"The idea that Israel stole Palestinian land is really a meaningless statement." Whoa! Tell that to the Palestinians who still hold the deed to their house and the key to the front door.
Taking such cheap shots at Jim Fetzer is way beneath your admirable, usual standard of accuracy and reason, Joe.

And this is not, by any means, the first time you've done this.

(It smells like there are some personal issues clouding your judgement, doesn't it?)

So please state on what specific points do you so vehemently disagree with the man's prodigious research, scholarship and conclusions regarding the major "conspiracies" of the past 50 years?
"Especially when a great way to advance in science is to show that the other guys have it all wrong."

That is absolutely not the way that most scientists advance in their careers. Opinion is controlled from top down by means of the journals and the way they function in the patronage system. Science is similar to any other 'professional' sphere of capitalist society in how opinion is controlled.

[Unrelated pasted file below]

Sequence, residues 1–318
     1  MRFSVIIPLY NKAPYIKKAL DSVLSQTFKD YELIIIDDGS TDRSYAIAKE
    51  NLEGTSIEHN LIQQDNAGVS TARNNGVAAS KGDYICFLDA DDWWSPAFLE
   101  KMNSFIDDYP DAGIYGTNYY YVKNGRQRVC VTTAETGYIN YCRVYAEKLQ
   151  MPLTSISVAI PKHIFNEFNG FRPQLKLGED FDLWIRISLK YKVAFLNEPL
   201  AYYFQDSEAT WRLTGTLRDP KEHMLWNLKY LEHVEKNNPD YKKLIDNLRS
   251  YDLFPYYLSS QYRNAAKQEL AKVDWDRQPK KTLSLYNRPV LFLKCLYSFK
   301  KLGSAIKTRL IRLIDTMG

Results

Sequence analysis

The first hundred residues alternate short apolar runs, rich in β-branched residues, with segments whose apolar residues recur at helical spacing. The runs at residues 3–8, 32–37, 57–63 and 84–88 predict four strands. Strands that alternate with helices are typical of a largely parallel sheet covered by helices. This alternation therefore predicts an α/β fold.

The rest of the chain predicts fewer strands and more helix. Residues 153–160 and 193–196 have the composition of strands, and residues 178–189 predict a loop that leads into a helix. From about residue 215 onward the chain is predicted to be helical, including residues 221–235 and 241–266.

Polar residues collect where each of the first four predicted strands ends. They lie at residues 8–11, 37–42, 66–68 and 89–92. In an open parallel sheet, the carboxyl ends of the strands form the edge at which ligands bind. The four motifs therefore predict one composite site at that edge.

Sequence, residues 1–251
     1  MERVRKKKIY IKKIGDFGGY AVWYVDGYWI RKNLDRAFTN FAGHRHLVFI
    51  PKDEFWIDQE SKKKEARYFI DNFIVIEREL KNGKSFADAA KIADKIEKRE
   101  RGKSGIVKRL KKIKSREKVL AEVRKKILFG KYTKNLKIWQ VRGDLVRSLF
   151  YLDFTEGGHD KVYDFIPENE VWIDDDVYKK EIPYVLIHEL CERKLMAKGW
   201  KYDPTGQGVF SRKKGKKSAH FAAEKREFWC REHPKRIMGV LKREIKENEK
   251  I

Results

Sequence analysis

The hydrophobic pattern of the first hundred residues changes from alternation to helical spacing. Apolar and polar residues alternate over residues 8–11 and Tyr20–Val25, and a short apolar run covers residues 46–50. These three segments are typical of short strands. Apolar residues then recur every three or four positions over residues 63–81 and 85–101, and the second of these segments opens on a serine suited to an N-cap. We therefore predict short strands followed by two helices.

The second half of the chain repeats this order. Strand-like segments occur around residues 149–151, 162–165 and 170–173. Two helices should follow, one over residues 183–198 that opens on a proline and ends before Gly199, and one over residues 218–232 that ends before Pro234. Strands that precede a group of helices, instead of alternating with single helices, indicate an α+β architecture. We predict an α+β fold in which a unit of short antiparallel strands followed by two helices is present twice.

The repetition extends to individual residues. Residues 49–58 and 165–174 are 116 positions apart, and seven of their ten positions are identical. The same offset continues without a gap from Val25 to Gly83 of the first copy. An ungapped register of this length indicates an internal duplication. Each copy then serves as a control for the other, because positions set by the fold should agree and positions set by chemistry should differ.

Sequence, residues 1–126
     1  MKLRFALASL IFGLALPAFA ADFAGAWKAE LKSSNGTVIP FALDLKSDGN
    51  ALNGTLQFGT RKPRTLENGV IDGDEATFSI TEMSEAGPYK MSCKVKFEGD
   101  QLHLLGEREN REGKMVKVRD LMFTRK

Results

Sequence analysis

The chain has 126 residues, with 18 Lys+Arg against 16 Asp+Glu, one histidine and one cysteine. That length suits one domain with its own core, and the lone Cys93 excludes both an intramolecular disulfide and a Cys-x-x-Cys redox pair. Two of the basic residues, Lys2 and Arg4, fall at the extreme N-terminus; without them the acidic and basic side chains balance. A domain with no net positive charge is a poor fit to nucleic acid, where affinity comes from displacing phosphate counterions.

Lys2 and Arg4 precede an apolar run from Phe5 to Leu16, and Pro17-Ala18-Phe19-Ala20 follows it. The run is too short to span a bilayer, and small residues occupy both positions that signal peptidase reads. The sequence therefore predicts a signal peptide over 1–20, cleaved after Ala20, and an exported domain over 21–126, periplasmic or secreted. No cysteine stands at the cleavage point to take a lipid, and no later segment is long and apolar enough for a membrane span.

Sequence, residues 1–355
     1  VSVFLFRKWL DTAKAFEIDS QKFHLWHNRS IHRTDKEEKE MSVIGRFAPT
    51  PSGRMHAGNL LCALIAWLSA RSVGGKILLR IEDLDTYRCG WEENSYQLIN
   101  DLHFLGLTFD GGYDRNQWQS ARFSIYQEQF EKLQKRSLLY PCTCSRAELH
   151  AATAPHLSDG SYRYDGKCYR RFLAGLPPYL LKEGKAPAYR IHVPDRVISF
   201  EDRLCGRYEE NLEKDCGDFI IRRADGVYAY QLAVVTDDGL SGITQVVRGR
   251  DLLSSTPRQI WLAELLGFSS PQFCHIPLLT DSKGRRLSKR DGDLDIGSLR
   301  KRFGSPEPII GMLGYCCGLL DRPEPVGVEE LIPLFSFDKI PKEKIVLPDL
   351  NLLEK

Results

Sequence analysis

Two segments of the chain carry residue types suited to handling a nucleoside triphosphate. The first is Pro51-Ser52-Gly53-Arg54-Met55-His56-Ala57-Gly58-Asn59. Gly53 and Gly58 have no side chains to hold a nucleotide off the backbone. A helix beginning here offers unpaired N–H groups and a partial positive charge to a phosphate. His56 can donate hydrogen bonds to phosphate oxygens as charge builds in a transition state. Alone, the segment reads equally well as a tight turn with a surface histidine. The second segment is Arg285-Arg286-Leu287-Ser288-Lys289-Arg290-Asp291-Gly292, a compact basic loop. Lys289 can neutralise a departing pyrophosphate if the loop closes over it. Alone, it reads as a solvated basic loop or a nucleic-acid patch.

Edward Bernays's short book Propaganda (1928) still explains the basics of this in a very clear and powerful way.

Think for yourself and you'll never get anywhere in science. Even most of those scientists who do accomplish something genuinely new will have worked at what Thomas Kuhn in his Structure of Scientific Revolutions (1962) calls solving puzzles, namely the application of existing constructs (and I would say ideology) to problems where it was unclear how they might fit.

The climate has always changed - often quite fast - and always will.

Look at string theory. Scientists are still being trained to believe false rubbish which the movement of galaxies shows is obviously wrong. But no matter. They continue the nuthouse search for 'dark matter' which supposedly comprises most of the universe although nobody's ever detected any.